Launched in Southeast Asia before it became Instagram-famous in the US, rolled ice cream is just what it sounds like—layers of ice cream rolled into thin chunks similar in size to rolls of quarters and then topped with anything from crushed Oreos to mochi. Here, Bing Haus owner Nancy Chi walks us through the creation process, step by step.
"The cream base is our housemade ice cream with heavy cream, milk, and sugar, no artificial flavorings," Chi says. The mixture, like this green tea ice cream mixed with matcha powder, freezes once it hits the already-frozen plate, which is set anywhere from minus 50 to minus 70 degrees Fahrenheit.
Next, they gently move the ice cream around the plate to achieve the perfect creamy consistency. "If you leave it on the pan too long, it’ll freeze and the top layer will still be liquid-y." Some flavors, like the strawberry and the cookies 'n' cream, also involve adding mix-ins at this stage.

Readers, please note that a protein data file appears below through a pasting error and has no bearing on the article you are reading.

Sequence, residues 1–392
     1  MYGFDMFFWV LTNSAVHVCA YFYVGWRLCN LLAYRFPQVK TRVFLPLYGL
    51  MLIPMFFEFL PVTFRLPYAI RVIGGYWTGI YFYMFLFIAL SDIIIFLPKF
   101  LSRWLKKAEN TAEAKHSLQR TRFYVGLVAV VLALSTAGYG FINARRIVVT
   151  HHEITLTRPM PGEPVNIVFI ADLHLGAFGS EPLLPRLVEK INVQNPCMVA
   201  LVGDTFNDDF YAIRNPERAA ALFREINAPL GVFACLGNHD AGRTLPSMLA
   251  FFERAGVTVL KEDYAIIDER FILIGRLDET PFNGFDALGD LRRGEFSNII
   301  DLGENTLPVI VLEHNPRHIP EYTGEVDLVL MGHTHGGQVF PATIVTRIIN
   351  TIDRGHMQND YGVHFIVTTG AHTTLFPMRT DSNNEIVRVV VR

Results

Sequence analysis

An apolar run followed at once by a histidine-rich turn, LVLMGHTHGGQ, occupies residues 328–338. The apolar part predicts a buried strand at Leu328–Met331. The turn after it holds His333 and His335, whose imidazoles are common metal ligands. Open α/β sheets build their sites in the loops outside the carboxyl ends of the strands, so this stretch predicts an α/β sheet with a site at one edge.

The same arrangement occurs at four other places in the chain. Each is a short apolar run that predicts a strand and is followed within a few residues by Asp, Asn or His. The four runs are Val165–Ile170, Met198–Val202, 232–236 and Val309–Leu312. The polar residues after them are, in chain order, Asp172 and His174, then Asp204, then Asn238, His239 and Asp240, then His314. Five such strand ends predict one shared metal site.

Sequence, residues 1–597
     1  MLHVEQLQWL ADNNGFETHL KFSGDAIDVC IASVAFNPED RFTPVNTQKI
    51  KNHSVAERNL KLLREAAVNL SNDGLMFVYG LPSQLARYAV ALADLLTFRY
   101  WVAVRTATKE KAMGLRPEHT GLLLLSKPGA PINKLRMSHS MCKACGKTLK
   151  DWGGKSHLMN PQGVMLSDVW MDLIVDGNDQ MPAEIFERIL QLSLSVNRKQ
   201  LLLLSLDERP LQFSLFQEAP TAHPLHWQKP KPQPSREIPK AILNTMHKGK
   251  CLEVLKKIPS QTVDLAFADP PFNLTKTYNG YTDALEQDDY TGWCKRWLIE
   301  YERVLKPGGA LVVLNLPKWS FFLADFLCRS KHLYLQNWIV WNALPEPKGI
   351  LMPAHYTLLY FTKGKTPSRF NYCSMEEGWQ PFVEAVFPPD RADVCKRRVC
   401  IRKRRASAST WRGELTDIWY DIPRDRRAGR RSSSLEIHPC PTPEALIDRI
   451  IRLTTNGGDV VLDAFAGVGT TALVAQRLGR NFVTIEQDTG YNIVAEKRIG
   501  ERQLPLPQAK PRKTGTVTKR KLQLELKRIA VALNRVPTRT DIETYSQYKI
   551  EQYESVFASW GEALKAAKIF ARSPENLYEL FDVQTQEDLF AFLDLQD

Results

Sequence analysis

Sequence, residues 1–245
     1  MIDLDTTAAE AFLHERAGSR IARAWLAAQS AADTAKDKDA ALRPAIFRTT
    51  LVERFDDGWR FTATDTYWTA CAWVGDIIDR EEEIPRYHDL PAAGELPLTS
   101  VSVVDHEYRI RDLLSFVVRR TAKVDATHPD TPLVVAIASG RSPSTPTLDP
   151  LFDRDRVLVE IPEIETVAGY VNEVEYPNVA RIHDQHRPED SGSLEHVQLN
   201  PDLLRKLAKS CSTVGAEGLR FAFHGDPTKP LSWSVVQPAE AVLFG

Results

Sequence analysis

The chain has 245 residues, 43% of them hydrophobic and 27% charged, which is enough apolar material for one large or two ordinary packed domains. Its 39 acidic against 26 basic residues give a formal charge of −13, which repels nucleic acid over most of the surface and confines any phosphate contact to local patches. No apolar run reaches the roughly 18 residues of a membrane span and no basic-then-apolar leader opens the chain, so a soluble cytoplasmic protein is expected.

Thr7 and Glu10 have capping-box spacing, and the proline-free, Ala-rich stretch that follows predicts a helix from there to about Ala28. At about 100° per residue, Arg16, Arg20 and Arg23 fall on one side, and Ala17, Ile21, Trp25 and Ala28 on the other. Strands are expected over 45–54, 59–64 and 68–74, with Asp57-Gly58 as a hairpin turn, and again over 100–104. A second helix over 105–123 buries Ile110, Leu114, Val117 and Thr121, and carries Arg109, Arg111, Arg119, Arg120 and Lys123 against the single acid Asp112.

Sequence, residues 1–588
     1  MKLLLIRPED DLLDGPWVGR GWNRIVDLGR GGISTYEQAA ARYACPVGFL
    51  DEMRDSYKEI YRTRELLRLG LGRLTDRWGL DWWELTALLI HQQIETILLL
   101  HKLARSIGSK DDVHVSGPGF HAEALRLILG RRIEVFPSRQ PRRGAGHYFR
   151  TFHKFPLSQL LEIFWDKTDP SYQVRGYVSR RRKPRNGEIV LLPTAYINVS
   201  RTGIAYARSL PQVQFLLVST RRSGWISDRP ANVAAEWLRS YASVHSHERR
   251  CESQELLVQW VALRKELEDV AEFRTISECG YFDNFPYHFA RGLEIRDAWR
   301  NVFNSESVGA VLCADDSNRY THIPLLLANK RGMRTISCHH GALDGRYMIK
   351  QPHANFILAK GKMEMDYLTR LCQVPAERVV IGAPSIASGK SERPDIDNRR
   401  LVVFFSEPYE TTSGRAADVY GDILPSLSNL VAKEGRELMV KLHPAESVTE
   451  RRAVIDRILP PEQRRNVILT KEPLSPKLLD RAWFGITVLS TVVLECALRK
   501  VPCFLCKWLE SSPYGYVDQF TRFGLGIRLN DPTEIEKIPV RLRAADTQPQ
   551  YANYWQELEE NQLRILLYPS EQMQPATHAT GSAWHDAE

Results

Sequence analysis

The perfect roll comes down to ingredients and temperature. "Too much heavy cream means the pan will freeze the ice cream much faster. If temperature is too cold, it freezes too fast and you can’t roll it."
They use a spatula with a dented edge that makes it easy to roll the ice cream at a 35-degree angle. Do they enjoy all the Instagram attention? "We put the plates out there so people could have entertainment. It makes it more enjoyable for us, too, and allows us to be more mindful of how we’re rolling it!"
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